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The labels $A$--$G$ attached to connected Dynkin diagrams are of course arbitrary, the result of historical accidents. In order to avoid repetitions, the four infinite families $A_\ell, B_\ell, C_\ell, D_\ell$ usually have rank subscripts limited respectively by $\ell \geq 1, 2, 3, 4$ (where $A_1 = C_1, \;B_2 = C_2$, etc.).
But sometimes it seems more natural to emphasize the entire family $C_\ell$ with $\ell \geq 1$.

Here are two examples which arise independently in areas of Lie theory remote from each other:

(A) The noncompact Lie groups $Sp(2n,\mathbb{R})$ of rank $n \geq 1$ have infinite cyclic topological fundamental groups: the topology of such a group is that of a maximal compact subgroup $K$ (Iwasawa), which here has a 1-torus as factor. We include the extreme case $n=1$, where $Sp(2,\mathbb{R}) = SL(2,\mathbb{R})$ has as a maximal compact subgroup the 1-torus $SO(2)$. But for other simple Lie types the fundamental group is always finite. This has implications for the existence of a complex structure on the symmetric space $G/K$. It goes back to the work of E. Cartan and is recounted by Helgason (is his book the optimal modern source for the calculation of fundamental groups?).

(B) In the 1980s Henning Andersen studied, over an algebraically closed field of characteristic $p>0$, the extensions involving two irreducible modules for a simple algebraic group $G$ and for its Frobenius kernels $G_r$. He found for the latter that such a module can extend itself nontrivially precisely when $r=1$, $p=2$, and $G$ is of type $C_\ell$ for $\ell \geq 1$. (Irreducible representations of the first Frobenius kernel agree with Lie algebra representations coming from rational representations of $G$. But extensions in the two settings require more delicate analysis.)

Inspired by this definitive result, along with Ext computations for the finite Chevalley groups $SL(2,q)$ (Andersen-Jorgensen-Landrock), I constructed self-extensions for the groups $Sp(4,q)$ of type $C_2$ over the prime field when $p$ is odd. More technical work by Chris Bendel, Dan Nakano, and Cornelius Pillen concluded (except for small primes where the question is undecided) that self-extensions occur precisely in type $C_\ell$ for $\ell \geq 1$, over a prime field.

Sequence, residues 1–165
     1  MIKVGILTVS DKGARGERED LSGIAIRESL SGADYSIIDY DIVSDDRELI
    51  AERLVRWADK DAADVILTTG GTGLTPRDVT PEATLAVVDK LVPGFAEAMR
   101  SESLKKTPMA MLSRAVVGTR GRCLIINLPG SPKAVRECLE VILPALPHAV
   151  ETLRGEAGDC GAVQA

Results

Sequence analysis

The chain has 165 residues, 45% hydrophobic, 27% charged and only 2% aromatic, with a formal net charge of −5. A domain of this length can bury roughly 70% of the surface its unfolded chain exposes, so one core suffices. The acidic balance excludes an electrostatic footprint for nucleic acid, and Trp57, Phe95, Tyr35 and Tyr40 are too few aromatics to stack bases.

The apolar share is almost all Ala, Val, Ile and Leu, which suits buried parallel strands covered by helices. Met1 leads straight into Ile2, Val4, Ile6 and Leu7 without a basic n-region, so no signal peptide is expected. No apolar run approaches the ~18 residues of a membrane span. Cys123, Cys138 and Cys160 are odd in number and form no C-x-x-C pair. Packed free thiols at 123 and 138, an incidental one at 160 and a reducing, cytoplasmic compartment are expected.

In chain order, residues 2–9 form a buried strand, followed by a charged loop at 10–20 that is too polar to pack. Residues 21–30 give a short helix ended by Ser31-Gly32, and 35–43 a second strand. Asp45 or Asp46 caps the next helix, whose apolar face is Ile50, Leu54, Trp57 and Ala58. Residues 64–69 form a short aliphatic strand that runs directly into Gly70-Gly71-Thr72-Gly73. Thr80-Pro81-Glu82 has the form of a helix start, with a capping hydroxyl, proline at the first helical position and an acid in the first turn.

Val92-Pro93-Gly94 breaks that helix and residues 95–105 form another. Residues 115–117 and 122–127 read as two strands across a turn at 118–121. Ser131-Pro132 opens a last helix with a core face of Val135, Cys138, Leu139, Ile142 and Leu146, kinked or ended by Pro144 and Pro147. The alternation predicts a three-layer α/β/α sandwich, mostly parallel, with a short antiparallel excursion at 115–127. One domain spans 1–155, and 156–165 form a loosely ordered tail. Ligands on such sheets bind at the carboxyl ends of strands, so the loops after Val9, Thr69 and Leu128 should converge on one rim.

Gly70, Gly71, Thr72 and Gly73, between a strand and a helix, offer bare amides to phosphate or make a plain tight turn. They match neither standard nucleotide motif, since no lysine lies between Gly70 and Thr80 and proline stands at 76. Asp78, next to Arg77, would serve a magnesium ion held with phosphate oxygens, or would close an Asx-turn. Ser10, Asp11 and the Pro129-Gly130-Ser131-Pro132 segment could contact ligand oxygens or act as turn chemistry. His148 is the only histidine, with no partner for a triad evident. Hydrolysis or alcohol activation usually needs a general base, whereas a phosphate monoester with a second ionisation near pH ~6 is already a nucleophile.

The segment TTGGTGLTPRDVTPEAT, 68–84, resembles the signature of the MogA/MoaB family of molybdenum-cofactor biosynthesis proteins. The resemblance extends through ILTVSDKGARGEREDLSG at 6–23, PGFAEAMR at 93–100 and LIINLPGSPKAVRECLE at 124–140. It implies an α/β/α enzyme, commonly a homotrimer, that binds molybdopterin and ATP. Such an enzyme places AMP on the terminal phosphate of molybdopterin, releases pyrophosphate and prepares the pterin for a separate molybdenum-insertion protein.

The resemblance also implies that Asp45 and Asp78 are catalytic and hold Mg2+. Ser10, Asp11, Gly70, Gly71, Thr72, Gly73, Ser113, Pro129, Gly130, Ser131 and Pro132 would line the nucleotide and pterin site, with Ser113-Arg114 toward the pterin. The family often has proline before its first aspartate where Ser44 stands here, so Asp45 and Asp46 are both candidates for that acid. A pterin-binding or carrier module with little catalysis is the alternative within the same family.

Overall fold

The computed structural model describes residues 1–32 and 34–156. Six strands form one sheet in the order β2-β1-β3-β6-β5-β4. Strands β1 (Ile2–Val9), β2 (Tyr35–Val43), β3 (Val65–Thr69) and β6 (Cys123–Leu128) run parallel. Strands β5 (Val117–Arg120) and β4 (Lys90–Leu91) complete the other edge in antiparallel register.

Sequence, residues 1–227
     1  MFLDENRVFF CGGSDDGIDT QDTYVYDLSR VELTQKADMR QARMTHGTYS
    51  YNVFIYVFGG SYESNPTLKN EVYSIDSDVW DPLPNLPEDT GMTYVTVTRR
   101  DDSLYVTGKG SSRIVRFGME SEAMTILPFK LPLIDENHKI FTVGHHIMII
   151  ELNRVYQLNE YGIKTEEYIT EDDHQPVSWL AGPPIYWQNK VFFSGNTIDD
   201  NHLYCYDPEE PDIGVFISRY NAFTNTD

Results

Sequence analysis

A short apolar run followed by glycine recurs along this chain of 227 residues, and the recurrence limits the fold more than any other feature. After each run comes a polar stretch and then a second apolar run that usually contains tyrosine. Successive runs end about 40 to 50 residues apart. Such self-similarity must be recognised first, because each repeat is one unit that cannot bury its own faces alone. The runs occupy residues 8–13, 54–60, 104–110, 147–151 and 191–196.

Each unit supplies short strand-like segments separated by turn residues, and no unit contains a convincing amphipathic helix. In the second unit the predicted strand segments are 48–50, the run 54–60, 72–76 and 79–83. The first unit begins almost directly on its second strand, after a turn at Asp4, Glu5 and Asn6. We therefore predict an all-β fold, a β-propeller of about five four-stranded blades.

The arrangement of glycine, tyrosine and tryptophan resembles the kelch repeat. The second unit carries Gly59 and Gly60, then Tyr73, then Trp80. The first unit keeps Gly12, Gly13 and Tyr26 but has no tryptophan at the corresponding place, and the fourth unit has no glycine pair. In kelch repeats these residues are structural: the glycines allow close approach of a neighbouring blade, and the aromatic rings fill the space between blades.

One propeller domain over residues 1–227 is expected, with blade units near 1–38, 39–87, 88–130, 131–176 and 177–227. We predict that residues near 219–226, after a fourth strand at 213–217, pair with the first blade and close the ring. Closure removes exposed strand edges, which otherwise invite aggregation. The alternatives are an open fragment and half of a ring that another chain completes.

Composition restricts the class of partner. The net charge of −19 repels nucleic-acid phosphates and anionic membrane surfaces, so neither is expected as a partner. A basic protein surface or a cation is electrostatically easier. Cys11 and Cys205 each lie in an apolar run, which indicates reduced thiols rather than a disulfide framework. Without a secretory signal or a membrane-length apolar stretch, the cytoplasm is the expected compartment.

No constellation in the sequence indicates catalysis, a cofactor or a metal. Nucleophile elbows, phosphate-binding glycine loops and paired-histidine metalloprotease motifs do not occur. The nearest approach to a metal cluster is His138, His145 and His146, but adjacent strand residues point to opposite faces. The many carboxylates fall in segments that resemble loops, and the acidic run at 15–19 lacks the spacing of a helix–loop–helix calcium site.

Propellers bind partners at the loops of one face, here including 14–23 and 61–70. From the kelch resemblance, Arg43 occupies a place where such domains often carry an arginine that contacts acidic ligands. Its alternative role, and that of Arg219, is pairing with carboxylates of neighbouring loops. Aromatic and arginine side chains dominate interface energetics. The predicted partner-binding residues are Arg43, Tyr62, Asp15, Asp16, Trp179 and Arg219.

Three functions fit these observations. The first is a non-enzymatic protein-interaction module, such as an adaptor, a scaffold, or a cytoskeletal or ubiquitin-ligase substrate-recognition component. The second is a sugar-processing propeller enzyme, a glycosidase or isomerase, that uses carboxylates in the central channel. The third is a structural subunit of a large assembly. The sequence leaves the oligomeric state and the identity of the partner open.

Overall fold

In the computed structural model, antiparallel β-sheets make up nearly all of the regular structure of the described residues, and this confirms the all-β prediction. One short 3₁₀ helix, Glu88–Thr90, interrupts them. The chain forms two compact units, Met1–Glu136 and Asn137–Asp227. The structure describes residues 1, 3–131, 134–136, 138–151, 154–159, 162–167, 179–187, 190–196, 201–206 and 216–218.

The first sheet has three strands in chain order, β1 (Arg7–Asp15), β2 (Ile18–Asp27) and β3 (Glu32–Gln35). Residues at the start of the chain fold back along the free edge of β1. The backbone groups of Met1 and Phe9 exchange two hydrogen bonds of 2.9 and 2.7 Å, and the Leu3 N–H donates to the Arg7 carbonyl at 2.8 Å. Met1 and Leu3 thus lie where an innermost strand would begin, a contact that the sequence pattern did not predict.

In (B), but not obviously in (A), an essential role is played by one special feature of type $C_\ell$ root systems which distinguishes them from all others:

(*) For $C_\ell$ ($\ell \geq 1$) some simple root is twice a fundamental weight.

It would of course be interesting to see further examples illustrating the exceptional status of type $C$. But my main question is:

Is there any unified explanation for the special role played by Dynkin types $C_\ell$ with $\ell \geq 1$ in examples such as (A) and (B)?

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A small comment on your first paragraph that is in the theme of the rest of your question: one might prefer to start the series with B3 and C2 (instead of B2 and C3) because the extended Dynkin diagram for B2=C2 is of the same form as the rest of the C-series, but looks different than for B3, B4, etc. – Skip Jan 17 '11 at 15:05
Another reason to start the series B at 3 and C at 2 (i.e., call the root system C2 instead of B2, even though both mean the same thing) is that the Dynkin index of the (split) simply connected group of type $C_n$---i.e., $Sp_{2n}$---is 1 for all $n$, but the Dynkin index of $B_n$---i.e., $Spin_{2n+1}$---is 2 for $n \ge 3$. – Skip Jan 19 '11 at 3:48
@Skip: can you please define what you mean by Dynkin index? – fherzig Oct 27 '12 at 21:01
I just wanted to ask precisely the same question but good old Jim Humphreys already asked it! – Bugs Bunny Oct 2 '14 at 8:10

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